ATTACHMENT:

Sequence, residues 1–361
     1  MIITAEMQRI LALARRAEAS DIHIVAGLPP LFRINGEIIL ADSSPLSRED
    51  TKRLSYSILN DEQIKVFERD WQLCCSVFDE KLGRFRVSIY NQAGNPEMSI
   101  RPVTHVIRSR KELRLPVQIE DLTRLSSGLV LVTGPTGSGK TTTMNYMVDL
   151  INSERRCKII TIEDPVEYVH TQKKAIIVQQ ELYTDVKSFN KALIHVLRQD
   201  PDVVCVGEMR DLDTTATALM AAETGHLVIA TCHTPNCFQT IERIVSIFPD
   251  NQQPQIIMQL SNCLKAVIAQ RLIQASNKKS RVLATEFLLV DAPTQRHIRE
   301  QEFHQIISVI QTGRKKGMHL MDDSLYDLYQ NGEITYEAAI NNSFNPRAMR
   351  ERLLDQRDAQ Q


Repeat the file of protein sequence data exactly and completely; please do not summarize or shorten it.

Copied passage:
Sequence, residues 1–361
     1  MIITAEMQRI LALARRAEAS DIHIVAGLPP LFRINGEIIL ADSSPLSRED
    51  TKRLSYSILN DEQIKVFERD WQLCCSVFDE KLGRFRVSIY NQAGNPEMSI
   101  RPVTHVIRSR KELRLPVQIE DLTRLSSGLV LVTGPTGSGK TTTMNYMVDL
   151  INSERRCKII TIEDPVEYVH TQKKAIIVQQ ELYTDVKSFN KALIHVLRQD
   201  PDVVCVGEMR DLDTTATALM AAETGHLVIA TCHTPNCFQT IERIVSIFPD
   251  NQQPQIIMQL SNCLKAVIAQ RLIQASNKKS RVLATEFLLV DAPTQRHIRE
   301  QEFHQIISVI QTGRKKGMHL MDDSLYDLYQ NGEITYEAAI NNSFNPRAMR
   351  ERLLDQRDAQ Q